Before we start our analysis we should review what we're looking for in terms of DVD-Video compliance. Any files that we can analyze with DGIndex have to be either MPEG-2 or MPEG-1. For DVD-Video compliance they need to have a legal resolution/framerate combination, bitrate, and audio format. There are three basic types of data streams that may be included on a DVD - Video, Audio, and Subpicture (normally used for subtitles). Since we don't have any subtitles and we're making a very basic disc, we won't have to worry about subpicture streams. That leaves us with video and audio streams to deal with for now.
All the streams that playback simultaneously for a given DVD title are discrete, meaning each one comes from a distinct and self-contained file. In order to keep them synchronized during playback and allow random access
it's necessary to multiplex them together. Multiplexing, or muxing, consists of dividing each stream into segments a fraction of a second long, and then weaving these sections together so that the first segment of video is followed by the first segment of the first audio stream, followed by each additional audio stream (up to 8), followed by each subpicture stream (up to 32). The second segment follows, written like the first with the second video segment followed by the second segment from each audio stream and then the same for each subpicture stream.
In order to make sure a DVD player can read all the information required to play each segment, the maximum bitrate for all streams combined, called the mux-rate, is set at 10.08Mbps (10,080,000 bits per second).
Audio requirements are slightly different for PAL and NTSC, although we'll treat them the same because the preferred formats are. Audio that's legal for DVD-Video is LPCM (Linear Pulse Code Modulation which is uncompressed), AC-3 (Dolby Digital), MPA (MPEG Audio), and DTS (Digital Theater Surround). LPCM and AC-3 are considered mandatory formats for both PAL and NTSC. Mandatory refers to the fact that all players with the DVD-V logo must be able to handle them. Legal formats that aren't mandatory are called optional. Players may, but don't have to handle DTS, or MPA for NTSC. Although MPA is a mandatory format for PAL, due to decoder issues MPA isn't as desirable as AC-3.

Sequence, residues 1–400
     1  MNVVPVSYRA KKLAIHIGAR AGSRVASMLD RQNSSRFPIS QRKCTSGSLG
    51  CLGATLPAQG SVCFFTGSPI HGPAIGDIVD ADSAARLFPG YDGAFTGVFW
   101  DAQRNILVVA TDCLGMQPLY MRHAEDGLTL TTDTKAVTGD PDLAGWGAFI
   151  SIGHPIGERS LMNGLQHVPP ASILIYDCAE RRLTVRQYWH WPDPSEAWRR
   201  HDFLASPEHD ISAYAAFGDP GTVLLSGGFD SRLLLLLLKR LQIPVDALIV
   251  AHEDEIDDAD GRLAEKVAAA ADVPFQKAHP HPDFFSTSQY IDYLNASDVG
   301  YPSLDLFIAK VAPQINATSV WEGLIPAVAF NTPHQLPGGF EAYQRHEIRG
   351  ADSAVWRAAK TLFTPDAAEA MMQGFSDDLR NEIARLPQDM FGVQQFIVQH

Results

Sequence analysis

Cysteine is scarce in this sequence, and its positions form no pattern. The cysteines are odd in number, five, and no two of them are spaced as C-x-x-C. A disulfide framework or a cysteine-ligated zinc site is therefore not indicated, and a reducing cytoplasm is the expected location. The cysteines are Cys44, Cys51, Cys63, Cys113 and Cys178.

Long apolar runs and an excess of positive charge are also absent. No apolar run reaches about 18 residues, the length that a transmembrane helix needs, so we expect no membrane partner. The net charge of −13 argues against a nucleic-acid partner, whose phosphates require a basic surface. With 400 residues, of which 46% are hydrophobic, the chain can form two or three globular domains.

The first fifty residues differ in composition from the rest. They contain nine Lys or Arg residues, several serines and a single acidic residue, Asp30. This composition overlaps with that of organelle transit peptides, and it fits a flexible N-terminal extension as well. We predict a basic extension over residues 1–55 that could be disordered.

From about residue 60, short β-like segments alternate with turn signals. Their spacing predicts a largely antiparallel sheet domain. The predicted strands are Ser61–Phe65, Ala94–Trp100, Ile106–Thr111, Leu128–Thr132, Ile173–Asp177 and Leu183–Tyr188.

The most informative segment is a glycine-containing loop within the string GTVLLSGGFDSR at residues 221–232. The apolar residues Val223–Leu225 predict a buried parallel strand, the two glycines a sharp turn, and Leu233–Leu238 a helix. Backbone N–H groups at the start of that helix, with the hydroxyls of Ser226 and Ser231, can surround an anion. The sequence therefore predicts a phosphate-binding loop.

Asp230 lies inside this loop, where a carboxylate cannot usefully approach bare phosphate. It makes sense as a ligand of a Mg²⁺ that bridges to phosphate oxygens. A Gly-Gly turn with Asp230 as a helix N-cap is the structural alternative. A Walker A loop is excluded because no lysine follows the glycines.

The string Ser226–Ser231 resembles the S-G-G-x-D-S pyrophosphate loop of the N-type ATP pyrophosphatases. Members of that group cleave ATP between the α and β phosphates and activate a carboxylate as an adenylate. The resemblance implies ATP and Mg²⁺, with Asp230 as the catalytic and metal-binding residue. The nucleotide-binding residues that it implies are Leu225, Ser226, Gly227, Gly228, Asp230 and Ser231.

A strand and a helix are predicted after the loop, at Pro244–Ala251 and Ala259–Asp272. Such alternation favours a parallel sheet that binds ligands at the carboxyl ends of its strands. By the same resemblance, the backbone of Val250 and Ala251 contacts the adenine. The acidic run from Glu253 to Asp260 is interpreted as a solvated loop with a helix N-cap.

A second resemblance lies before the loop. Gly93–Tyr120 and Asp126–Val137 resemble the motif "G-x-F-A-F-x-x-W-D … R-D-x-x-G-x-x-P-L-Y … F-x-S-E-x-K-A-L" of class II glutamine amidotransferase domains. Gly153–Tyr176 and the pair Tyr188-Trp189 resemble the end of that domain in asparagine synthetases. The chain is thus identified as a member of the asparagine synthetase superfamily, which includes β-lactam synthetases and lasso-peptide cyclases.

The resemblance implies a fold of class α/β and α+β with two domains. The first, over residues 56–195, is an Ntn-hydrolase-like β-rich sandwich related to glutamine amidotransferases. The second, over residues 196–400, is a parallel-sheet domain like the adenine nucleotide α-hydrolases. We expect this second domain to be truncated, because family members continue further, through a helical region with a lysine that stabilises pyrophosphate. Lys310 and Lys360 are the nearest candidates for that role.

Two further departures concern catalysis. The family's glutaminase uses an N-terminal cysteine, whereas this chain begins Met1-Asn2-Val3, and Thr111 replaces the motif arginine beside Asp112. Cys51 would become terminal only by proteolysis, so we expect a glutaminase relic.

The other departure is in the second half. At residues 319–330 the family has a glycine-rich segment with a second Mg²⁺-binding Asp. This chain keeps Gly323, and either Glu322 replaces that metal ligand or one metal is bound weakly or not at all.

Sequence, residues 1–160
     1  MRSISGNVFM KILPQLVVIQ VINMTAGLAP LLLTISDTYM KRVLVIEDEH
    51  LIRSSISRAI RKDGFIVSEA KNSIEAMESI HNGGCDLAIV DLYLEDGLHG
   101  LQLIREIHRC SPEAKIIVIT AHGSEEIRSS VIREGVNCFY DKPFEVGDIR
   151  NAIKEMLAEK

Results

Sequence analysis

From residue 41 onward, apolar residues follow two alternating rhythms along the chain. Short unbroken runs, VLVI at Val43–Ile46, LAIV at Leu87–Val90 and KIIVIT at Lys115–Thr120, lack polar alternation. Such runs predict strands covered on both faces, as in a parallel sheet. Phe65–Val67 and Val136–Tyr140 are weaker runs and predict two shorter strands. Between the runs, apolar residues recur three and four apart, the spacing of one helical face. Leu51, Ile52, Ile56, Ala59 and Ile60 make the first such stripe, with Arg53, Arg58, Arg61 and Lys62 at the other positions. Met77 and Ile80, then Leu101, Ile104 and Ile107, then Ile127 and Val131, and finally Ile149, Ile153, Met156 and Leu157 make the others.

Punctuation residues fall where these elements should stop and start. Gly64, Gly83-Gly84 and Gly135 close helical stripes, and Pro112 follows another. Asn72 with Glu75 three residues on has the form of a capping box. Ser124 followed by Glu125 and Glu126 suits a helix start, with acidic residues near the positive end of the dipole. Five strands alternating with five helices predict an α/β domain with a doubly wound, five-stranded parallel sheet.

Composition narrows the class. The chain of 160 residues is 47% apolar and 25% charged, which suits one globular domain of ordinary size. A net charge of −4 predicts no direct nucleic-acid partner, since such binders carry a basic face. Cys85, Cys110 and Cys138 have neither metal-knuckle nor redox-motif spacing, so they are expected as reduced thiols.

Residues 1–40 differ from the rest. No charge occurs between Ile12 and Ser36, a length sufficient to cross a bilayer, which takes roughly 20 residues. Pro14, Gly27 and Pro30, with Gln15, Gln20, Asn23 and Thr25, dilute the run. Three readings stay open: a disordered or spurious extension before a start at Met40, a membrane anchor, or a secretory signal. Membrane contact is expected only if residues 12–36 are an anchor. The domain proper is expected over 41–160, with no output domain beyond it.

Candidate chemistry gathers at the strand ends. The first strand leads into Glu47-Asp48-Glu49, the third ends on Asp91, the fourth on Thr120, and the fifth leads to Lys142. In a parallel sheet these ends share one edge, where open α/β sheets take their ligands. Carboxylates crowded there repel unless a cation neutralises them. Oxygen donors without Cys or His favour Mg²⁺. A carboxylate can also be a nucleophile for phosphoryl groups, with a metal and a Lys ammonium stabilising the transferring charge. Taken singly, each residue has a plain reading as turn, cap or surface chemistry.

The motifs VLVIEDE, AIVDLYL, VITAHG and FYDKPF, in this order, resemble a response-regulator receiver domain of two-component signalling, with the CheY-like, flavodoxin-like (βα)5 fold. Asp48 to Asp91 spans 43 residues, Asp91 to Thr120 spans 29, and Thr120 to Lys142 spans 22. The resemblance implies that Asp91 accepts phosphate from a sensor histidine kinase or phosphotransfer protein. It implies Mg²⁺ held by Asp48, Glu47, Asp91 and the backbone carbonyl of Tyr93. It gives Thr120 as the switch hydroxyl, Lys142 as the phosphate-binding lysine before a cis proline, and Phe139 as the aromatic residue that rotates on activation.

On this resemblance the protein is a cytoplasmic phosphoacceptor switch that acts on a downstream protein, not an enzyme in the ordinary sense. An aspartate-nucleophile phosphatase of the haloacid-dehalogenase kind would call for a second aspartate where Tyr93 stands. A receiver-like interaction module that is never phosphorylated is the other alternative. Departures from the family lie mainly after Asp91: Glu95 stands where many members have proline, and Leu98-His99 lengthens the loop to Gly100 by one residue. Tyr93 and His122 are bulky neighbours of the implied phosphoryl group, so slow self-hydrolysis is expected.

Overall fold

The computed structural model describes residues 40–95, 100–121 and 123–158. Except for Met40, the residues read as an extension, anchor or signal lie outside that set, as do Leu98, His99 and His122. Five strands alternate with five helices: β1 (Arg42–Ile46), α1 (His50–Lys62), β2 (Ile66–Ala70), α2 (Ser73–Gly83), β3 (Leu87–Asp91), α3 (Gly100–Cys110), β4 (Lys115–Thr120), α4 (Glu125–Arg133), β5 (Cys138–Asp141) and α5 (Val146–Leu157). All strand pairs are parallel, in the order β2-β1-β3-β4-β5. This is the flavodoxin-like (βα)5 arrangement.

Video for DVD needs to have properties that match either PAL or NTSC televisions. That means the resolution and framerate need to be correct. For PAL this means a framerate of 25fps and resolution of 720x576, 704x576, 352x576, or 352x288. NTSC video needs to have a framerate of 29.97fps. Legal NTSC resolutions are 720x480, 704x480, 352x480, and 352x240. The video must also have an aspect ratio matching either SDTV (Standard Definition TV) or HDTV (High Definition TV). This means either 1.33 or 1.78. It must be encoded as MPEG-2, unless the lowest resolution for either television system is used, in which case MPEG-1 is required. Although DVD is intended to be an interlaced technology, MPEG-1 files are always progressive.
The MPEG video files must conform to a set of property ranges defined as an MPEG profile called Main@Main. MPEG compression can have different levels of precision (more precision = higher quality), and a profile primarily sets ranges for the precision of different properties. This way a particular decoder chip can be designed to work with only video that conforms to a standard set of properties. Fortunately using Main Profile @ Main Level, as DVD-Video does, is the default for MPEG-2 video and DVD's Full D1 (720x576/480) is the standard resolution for digitizing television signals. This means that most encoding tools are able to do the job.
The video frame may have an aspect ratio that matches either SDTV (Standard Definition TV) or HDTV. SDTV is either a PAL or NTSC compatible signal, and has an AR of 1.33 (1.33:1 or 4:3). HDTV has an AR of 1.78 (1.78:1 or 16:9). Although pure video signals will have one of those two aspect ratios natively, film generally uses aspect ratios of 1.37, 1.66, 1.85, 2.21, or 2.35. Full frame, or 1.37:1 AR film is easily converted to 1.33:1 SDTV. 1.66:1 and 1.85:1 AR film can have a very small amount of picture removed at the edges to fit HDTV. 2.35:1 film would require too much trimming to fit HDTV's 1.78:1 AR without losing an unacceptably large amount of picture. Instead it, and sometimes 2.21:1 AR film have borders added above and below the original film frame to give them the correct 1.78:1 AR.
Video streams will be constrained to a bitrate no higher than 10.08Mbps less the audio bitrate. Assuming AC-3 audio, which is what we'll be using, all the audio on our DVD should end up being 96kbps for mono or either 192kbps or 224kbps for stereo. Video has an additional bitrate limit of 9.8Mbps. Since our audio won't have a high enough bitrate to cause problems using that bitrate we don't have to take the audio bitrate into account, but we will have to figure out what size the eventual audio files will be so we can use that in future calculations.
MPEG video is composed of some pictures that are complete, and others that require those complete pictures to be drawn. Frames (pictures) that are complete by themselves are called I frames. Other frames are P and B frames. An I frame followed by one or more P and B frames is a Group Of Pictures, or GOP. DVD specs have rules about the size of these GOPs. For PAL you can only have 15 frames per GOP. On NTSC discs you may have as many as 18 frames per GOP.